Judge Dennis Prince detected a faint trace of torture-horror influence here, but not much competence that would encourage you to stay and watch.
Our review of Untraceable, published May 13th, 2008, is also available.
How do you stop a killer who can get to you virtually anywhere?
Perhaps a forty-dollar virus scan application would do the trick, huh?
In Untraceable, Diane Lane (Killshot) plays FBI cyber-detective Jennifer Marsh, a woman who keeps constant vigilance over the world wide web, seeking out all manner of miscreants who have made cyberspace their place for unseemly doings. While she typically nails online cons and predators, she's discovered something unusual when she stumbles across a disturbing site named KillWithMe?. Flanked by fellow agent Griffin Dowd (Colin Hanks, King Kong, 2005), Det. Marsh is shocked to see the KillWithMe? site features real-time acts of torture and death, hastened in execution depending upon the number of visitors that log in to witness the victims' plights. Now Marsh must quickly track the site's origin and uncover the perpetrator behind it, but when she and Dowd become targets of the killer, life or death is only a mouse-click away. Watch the hit counter—this sadistic site's gone viral in the worst sort of way.
As interesting as the premise might sound, Untraceable is only as exciting as an HTML 404 error. It's greatest miscoding is the manner in which it becomes immediately trapped within its own circular logic. That is, the picture is clearly intended to serve a harsh commentary on modern day society and the sick fascination many have for whatever might be served up online. Whether peering into merely embarrassing gaffes of this month's hot celebrity or daring to witness wartime atrocities filmed by a barbaric enemy, all are subject of high replay rates thanks to online photo and video destinations. And while the picture should be commended for holding up a mirror to this potentially misguided new millennium culture, it only succeeds in seeing itself within the reflection. As you watch Untraceable, you'll quickly see how it revels within its own graphic content, the killer's imaginative snares offering up pain, suffering, and death a la Saw or Hostel. Within short order, we discover the moralistic sermonizing the film was supposed to offer was merely a smokescreen for the filmmakers to sneak in their own kill film, perhaps hopeful of establishing a franchise of their own. At this point of realization—when the viewer determines the picture doesn't practice what it preaches—it becomes just a knock-off of the previously mentioned franchises that hit their mark in far more effective manner. Because it's always striving to make us ponder, "gee, this is just as freaky as Saw," the viewer is always acutely aware of the pitch job at hand. Even though Lane, Hanks, and the others deliver competent performances, the sum of all parts just makes for a bad logarithm that just doesn't add up and begs for immediate debugging.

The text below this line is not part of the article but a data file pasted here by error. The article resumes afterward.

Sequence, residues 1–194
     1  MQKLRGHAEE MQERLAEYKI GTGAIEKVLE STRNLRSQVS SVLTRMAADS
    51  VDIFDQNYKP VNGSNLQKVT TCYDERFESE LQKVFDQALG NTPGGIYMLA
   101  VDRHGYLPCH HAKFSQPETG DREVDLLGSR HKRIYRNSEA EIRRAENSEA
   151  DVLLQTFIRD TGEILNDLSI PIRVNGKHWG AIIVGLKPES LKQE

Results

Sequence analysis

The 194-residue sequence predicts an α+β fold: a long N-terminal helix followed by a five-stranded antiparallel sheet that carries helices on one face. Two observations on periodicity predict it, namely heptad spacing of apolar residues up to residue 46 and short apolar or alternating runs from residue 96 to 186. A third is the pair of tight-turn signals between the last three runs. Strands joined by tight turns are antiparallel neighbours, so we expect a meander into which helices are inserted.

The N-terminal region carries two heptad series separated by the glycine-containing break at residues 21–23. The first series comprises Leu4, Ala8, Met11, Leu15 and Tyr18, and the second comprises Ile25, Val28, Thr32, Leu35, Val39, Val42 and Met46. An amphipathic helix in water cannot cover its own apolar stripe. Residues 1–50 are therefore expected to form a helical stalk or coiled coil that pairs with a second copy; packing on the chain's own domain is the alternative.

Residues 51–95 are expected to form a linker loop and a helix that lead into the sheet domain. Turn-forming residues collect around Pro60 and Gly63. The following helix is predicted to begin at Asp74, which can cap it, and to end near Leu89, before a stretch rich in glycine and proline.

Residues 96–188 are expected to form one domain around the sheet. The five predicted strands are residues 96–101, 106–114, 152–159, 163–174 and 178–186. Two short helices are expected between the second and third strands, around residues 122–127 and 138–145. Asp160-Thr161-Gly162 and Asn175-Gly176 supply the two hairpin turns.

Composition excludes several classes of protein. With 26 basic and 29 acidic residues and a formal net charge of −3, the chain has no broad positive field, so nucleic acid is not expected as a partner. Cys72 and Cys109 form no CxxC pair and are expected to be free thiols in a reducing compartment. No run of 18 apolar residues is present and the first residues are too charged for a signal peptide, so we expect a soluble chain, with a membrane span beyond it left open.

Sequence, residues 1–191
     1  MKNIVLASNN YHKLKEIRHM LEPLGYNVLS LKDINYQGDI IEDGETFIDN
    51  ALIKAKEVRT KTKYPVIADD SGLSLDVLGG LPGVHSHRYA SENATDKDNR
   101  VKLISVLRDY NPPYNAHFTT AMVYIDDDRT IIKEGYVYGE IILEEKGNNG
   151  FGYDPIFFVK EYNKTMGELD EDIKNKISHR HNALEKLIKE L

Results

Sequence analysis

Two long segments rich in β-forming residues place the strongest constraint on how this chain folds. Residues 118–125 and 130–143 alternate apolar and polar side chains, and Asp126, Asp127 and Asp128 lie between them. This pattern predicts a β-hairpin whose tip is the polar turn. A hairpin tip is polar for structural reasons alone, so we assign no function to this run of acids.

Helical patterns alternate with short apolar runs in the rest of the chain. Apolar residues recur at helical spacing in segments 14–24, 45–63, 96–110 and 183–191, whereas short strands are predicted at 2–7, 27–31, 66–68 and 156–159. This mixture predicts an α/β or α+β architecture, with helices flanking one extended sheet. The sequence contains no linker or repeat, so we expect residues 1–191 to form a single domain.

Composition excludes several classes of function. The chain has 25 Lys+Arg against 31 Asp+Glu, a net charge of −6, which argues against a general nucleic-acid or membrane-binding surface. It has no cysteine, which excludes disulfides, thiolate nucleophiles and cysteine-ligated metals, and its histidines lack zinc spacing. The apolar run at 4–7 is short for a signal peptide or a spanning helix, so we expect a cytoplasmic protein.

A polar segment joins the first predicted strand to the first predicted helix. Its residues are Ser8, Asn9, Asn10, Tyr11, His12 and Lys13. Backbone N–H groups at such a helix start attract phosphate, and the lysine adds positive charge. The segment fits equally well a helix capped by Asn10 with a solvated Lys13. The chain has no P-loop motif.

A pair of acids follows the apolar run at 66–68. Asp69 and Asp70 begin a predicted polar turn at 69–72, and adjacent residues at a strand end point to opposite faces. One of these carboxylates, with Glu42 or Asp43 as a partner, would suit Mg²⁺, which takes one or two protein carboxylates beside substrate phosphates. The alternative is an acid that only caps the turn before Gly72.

New to Blu-ray, Untraceable has a clean and well-rendered look in its 1080p / AVC encoded transfer. Colors are deep and smooth, details crisp and clear, and black levels well managed in a way that preserves shadow detail. Yes, it's quite polished and well presented yet, like too many useless websites, it lacks any true "stickiness" that would make us want to linger to see more. On the audio side, the Dolby TrueHD 5.1 Surround mix delivers a surprisingly consistent soundstage that maintains some sort of ambient noises or musical score at all times. While there aren't any jarring effects that would task your sound system, the overall aural setting is decent. Extra features include an audio commentary from director Hoblit, who is joined by producer Hawk Koch and production designer Paul Eads. While this sort of trio should unleash an unending stream of compelling insights and anecdotes, this trio focuses on execution of the filmmaking process but hardly provide any insight into the source script and the various rewrites made that were deemed "improvements." A collection of four featurettes follow, each intended to reveal that which the commentators failed to impart. Tracking Untraceable is marketing fluff that offers 16 minutes of the usual back-slapping that would have us believe a truly competent production had occurred. The Personnel Files attempts to sell the actors and their characters to unsuspecting viewers while The Blueprint of Murder would like to convince us this is truly a film not based upon the Saw franchise. Anatomy of a Murder gives us time in the makeup trailer as we hear how the graphic death effects were achieved. A few Blu-ray trailers round out the standard extras. As a Blu-ray exclusive, Beyond the Cyber Bureau is a picture-in-picture presentation that offers much of the same marketing fluff that runs over the course of the film, if you choose to view it in this manner.
Sadly, Untraceable comes off like a venture-capital pitch job, the creator eager to convince the underwriter that this idea has real legs. Unfortunately, this one is hobbled from the outset, quickly discarding a ripe premise in deference to the usual gore gimmick that makes it look like nothing more than a "poser."
Guilty as charged.
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